Grand Bahama Island National Parks
There are 2 national parks on Grand Bahama Island:
(1) The 40 acre Lucayan National Park is 25 miles east of Freeport and features a wide variety of mini eco-systems complemented by with hammocks, pine forests, caves full of stalagmites, blue holes, a footbridge over a natural creek, a burial ground of the now extinct Lucayan Indians, a small cay and one of the best beaches on the island.
Grand Bahama Island is home to six ecosystems, all present at Lucayan National Park. As you stroll along the wooden boardwalk through the mangrove, you will encounter ferns, many species of native and migratory birds and dozens of rare flower species, including orchids.
Also a part of the park is one of the world’s longest underwater cave systems, accessible by both land and sea. Diving in the caves is allowed in certain areas.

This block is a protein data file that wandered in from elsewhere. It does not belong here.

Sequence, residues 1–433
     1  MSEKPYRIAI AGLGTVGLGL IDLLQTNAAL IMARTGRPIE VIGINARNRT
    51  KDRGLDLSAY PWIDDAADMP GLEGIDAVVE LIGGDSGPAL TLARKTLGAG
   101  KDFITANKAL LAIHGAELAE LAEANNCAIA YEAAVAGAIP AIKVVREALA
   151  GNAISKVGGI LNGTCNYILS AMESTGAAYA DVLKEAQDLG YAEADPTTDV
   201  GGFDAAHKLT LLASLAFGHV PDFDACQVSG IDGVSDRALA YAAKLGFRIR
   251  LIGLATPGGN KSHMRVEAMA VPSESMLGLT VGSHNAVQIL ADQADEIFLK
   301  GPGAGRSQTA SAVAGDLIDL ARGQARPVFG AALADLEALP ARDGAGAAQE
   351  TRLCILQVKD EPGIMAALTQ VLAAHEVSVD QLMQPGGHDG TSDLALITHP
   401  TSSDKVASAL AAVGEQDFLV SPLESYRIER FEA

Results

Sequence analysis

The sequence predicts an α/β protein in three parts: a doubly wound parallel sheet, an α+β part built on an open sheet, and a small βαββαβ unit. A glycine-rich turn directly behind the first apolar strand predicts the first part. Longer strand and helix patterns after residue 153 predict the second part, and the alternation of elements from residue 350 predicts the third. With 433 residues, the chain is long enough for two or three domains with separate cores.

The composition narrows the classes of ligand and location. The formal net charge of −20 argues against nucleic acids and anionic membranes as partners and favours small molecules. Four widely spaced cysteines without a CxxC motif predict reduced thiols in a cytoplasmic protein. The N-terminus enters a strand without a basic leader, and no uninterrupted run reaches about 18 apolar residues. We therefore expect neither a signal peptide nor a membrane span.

(2) Petersons Cay which is 7 miles due east of Freeport is a small islet with an unspoiled reef (except by hurricane damage) and a small sandy beach — which is sometimes used for weddings.
The parks are maintained by the Bahamas National Trust.
Archeological Discoveries on Grand Bahama Island
Artifacts and bones have been found inside the caves at the Lucayan National Park and at the beachfront to Deadman’s Reef. Bones of Lucayan Indians were found in the Lucayan underwater cave system, which is believed to be from an ancient burial site. Artifacts found at the Deadman’s Reef included bones of animals, pieces of pottery, and beads from shells — estimated to be dated to 1200 A.D.